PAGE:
Hepatic sinusoidal endothelial cell G1/S arrest correlates with severity of alcoholic liver injury in the rat.

Abstract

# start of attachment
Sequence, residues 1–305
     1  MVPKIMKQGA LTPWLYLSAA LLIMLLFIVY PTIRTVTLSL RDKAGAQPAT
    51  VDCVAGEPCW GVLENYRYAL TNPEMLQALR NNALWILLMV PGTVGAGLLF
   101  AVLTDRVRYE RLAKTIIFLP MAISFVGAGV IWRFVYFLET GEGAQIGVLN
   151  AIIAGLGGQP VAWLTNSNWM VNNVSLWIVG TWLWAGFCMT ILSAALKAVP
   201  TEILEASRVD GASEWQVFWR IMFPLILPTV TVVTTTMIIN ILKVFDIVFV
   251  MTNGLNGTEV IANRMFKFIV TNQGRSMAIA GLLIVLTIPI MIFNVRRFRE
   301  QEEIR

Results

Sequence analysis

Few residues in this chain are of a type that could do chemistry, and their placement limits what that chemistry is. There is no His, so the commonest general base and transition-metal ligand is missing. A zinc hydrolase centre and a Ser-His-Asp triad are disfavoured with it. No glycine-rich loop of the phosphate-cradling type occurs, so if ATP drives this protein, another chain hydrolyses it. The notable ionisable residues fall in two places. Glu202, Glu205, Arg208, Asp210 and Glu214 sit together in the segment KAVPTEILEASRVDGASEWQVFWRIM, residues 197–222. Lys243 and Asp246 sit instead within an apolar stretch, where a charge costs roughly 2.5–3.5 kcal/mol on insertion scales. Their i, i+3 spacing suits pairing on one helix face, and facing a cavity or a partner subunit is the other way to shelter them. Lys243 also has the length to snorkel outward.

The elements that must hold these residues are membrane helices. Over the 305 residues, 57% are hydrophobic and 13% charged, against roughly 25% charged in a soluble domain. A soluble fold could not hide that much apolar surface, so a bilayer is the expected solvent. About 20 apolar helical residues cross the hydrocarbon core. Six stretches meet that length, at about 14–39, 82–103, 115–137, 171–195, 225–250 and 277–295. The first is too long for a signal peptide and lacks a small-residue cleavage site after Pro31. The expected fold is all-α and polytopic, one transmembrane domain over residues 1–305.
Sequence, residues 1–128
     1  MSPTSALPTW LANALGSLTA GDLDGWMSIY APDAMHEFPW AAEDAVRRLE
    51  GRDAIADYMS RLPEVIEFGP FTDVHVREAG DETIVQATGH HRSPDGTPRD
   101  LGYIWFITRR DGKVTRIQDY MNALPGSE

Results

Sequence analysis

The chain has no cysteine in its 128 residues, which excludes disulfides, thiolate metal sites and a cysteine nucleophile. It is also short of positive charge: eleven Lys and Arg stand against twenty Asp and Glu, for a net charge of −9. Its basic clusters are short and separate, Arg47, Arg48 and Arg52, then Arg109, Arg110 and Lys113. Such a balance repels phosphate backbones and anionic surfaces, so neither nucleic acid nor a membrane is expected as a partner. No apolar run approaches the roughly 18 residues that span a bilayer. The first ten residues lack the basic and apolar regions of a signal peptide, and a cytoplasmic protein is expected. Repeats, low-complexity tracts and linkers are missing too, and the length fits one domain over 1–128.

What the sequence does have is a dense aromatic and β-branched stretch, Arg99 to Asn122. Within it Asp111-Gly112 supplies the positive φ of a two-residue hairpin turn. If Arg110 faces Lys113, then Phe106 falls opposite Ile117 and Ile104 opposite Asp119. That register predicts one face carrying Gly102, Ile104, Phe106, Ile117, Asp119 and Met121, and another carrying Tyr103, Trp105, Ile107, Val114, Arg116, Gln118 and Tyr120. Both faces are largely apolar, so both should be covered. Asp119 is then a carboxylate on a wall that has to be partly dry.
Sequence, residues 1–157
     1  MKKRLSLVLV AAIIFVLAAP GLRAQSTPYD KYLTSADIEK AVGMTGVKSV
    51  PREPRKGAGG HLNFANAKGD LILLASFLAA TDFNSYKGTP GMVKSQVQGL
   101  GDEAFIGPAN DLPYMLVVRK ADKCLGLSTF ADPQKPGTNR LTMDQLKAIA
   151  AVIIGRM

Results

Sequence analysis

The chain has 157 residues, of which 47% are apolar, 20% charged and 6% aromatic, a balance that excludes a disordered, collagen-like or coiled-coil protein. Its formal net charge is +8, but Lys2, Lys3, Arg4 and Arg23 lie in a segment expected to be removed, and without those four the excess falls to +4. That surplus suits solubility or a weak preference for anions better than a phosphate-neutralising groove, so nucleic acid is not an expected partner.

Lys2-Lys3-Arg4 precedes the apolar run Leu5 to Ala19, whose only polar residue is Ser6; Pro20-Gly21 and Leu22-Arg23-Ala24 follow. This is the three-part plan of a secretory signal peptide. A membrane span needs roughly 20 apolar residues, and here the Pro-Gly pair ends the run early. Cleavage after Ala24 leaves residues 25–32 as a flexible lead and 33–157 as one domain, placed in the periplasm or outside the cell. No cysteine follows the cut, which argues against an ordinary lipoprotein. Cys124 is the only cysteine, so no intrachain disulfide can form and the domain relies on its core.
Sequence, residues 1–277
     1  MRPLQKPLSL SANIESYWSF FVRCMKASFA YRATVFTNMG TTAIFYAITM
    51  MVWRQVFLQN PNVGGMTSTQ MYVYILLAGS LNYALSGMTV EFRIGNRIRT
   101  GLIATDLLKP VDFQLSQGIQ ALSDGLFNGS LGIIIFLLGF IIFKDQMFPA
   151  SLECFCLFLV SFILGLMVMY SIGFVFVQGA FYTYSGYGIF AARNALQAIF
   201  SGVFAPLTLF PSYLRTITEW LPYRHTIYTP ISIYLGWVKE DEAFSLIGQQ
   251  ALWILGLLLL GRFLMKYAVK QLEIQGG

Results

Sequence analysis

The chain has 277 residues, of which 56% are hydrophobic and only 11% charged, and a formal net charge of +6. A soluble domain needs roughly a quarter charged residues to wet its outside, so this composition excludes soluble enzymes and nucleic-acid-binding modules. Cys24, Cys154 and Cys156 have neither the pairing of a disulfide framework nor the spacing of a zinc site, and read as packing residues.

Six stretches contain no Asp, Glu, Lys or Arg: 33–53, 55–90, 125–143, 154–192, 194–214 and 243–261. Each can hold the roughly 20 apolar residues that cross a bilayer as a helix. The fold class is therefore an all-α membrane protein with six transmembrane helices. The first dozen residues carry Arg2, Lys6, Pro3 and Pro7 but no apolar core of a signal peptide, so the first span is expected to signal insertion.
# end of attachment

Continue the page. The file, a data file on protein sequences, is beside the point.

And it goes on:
BACKGROUND/AIMS Capillarization of the hepatic sinusoid occurs in alcoholic liver disease. Because endothelial cell proliferation is relevant to capillarization, we used the intragastric feeding rat model to evaluate the relationship between pathological liver injury and endothelial cell proliferation. METHODS Male Wistar rats (225-250 g) were fed liquid diets containing corn oil and ethanol for periods ranging between 1 week and 2 months. At the time the rats were killed, the severity of pathological injury and endothelial cell proliferation using anti-rat proliferating cell nuclear antigen/antibody was evaluated. RESULTS Two distinctly different populations of proliferating sinusoidal lining cells were identified; one population showed relatively weak granular staining consistent with cells arrested at the G1/S boundary. The other population of cells showed strong granular staining of the nucleoplasm and nucleoli (cells in mid to late S phase). A strong correlation (r = 0.85; P < 0.01) was obtained between pathological severity and G1/S-arrested endothelial cells. There was no correlation between cells in S phase. CONCLUSIONS The presence of an increased number of G1/S-arrested endothelial cells in animals with severe pathological change suggests that stimuli are present for both endothelial cell proliferation and G1/arrest. The identification of these stimuli could lead to a better understanding of the pathogenesis of alcoholic liver disease.

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